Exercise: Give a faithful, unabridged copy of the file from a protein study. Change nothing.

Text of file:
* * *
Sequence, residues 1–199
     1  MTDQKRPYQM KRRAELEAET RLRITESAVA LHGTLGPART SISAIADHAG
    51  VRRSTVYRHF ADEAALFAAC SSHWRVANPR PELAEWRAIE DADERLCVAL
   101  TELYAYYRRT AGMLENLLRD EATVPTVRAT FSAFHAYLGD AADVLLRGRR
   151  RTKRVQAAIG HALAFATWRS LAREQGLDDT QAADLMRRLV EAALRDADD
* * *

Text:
Sequence, residues 1–199
     1  MTDQKRPYQM KRRAELEAET RLRITESAVA LHGTLGPART SISAIADHAG
    51  VRRSTVYRHF ADEAALFAAC SSHWRVANPR PELAEWRAIE DADERLCVAL
   101  TELYAYYRRT AGMLENLLRD EATVPTVRAT FSAFHAYLGD AADVLLRGRR
   151  RTKRVQAAIG HALAFATWRS LAREQGLDDT QAADLMRRLV EAALRDADD